European Union needs ambitious and proactive budget for period beyond 2020

 In Brussels on 9 January 2018, Szabolcs Takács, Minister of State for EU Affairs at the Prime Minister’s Office attended a panel discussion on job creation and the promotion of economic growth as part of a high-level conference which was held in preparation for the multiannual financial framework for the period beyond 2020.

The Minister of State said that, in addition to security and migration, competitiveness must also be mentioned among the new challenges the EU is facing in light of the fact that in recent years the EU has sustained a competitive disadvantage in the field of digital transformation compared with the United States and countries of the Far East. Bearing this in mind, the next multiannual financial framework will have to continue to focus on promoting investment and closer integration as a particular priority in which cohesion policy plays an especially important role. 

Mr Takács argued that during the planning of the current seven-year budget the general atmosphere was dominated by the desire to overcome the crisis, and in consequence a multiannual financial framework was adopted which identified priorities on the basis of the EU’s solvency by focusing on keeping public expenditures in check. By contrast, the current economic environment allows us to adopt a multiannual financial framework that is better suited to our level of ambition, and we therefore need a braver and more proactive budget. 

The EU is required to face a number of challenges. These include industrial transformation which sets a formidable task for the EU and its Member States. Information and communication technology, digitisation and the Fourth Industrial Revolution are areas in which processes have accelerated to an unprecedented extent in response to globalisation, and the deficit that may be observed in these areas in the European Union may jeopardise its global competitiveness.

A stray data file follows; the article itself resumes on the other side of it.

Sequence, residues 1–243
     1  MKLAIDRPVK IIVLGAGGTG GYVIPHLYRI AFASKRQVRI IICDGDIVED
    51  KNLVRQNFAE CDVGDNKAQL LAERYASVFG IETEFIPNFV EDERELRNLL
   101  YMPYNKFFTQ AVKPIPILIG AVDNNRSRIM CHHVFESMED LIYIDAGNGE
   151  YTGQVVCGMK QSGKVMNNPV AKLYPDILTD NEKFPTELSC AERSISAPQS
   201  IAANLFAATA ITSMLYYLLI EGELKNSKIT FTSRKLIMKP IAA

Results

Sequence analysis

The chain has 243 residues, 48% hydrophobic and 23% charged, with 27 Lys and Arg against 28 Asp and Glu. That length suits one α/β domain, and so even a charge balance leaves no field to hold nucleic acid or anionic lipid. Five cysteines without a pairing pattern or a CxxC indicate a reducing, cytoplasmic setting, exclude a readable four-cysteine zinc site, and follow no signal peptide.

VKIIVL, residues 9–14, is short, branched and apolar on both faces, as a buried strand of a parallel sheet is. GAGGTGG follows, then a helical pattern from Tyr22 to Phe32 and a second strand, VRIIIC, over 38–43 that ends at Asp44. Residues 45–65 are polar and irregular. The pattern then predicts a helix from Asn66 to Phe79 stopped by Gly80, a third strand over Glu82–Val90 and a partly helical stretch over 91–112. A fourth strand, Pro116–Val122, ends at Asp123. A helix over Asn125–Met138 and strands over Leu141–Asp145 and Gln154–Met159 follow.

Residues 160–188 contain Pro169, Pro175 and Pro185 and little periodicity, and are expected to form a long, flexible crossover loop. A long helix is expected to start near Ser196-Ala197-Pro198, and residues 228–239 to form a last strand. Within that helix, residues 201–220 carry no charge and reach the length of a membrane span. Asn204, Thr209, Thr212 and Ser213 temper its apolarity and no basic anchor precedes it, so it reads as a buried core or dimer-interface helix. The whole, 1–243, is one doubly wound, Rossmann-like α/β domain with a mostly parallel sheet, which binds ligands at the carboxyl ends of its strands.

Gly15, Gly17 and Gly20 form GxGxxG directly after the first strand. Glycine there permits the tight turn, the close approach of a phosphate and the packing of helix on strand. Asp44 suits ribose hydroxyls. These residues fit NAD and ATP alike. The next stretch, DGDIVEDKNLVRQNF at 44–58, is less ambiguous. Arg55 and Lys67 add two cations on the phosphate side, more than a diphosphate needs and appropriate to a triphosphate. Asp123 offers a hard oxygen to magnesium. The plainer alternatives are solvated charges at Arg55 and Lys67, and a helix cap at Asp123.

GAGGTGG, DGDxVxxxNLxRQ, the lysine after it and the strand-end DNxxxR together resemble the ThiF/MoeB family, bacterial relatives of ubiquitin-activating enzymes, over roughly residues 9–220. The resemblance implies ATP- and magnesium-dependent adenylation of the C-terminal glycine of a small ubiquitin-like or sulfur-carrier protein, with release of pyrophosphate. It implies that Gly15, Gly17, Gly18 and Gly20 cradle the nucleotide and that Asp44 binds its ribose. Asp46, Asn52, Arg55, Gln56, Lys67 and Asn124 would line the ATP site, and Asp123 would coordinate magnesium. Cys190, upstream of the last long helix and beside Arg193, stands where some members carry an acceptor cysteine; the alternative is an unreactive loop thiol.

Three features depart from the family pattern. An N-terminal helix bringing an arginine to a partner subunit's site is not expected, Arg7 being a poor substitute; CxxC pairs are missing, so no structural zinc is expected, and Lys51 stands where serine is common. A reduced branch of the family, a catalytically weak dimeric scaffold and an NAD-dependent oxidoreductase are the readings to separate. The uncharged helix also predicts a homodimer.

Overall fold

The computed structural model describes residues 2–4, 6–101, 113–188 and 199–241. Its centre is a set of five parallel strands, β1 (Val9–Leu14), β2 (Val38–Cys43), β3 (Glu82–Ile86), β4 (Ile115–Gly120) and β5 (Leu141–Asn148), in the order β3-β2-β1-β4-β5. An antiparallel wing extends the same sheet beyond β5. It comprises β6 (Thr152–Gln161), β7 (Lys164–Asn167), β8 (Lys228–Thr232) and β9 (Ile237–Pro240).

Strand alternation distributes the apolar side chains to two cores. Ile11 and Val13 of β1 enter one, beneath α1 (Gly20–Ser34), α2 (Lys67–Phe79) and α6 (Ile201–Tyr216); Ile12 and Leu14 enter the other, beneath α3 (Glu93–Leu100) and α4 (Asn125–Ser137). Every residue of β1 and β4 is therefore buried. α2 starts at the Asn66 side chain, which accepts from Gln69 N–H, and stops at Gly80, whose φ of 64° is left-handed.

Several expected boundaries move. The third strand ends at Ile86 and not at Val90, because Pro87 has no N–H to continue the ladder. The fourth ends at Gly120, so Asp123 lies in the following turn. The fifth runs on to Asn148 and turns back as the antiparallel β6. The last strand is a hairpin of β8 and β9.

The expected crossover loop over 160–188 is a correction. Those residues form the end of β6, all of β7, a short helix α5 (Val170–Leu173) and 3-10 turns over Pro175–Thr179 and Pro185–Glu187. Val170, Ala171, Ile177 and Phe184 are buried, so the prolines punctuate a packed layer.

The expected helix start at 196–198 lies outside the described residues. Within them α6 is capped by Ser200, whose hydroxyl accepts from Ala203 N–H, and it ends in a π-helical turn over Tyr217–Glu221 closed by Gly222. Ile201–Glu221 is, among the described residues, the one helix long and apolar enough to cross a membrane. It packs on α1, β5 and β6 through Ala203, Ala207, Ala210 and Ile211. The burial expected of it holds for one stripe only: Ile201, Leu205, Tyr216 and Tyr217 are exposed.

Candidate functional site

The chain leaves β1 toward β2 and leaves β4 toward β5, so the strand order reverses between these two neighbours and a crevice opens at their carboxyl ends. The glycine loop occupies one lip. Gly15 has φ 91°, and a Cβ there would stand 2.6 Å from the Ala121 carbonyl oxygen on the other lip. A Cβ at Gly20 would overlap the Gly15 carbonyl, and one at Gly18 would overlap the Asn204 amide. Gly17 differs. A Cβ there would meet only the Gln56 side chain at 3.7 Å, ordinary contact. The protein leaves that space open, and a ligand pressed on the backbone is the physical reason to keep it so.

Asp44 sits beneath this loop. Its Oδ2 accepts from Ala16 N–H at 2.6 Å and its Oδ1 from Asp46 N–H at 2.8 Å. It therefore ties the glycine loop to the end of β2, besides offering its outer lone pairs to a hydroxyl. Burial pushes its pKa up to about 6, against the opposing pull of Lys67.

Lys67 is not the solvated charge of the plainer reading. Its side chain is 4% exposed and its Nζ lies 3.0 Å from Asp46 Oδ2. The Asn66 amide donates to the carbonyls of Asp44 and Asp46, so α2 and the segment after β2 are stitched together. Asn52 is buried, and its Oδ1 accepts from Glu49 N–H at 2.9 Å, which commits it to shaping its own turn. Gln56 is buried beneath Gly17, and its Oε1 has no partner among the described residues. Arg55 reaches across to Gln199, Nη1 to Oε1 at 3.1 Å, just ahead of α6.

In the interest of enhancing competitiveness we must therefore respond to these changes, and must continue the efforts designed to promote the closer integration of less advanced regions and Member States, in line with the goals laid down in the founding treaties. Mr Takács stressed that an EU that is more homogeneous economically is able to offer more effective responses that are necessary for the management of any possible financial and economic shocks. In this respect the EU’s cohesion policy has proved its added European value, has created millions of jobs and has improved the day-to-day living standards of millions of citizens through the development of infrastructure.

(Prime Minister's Office)

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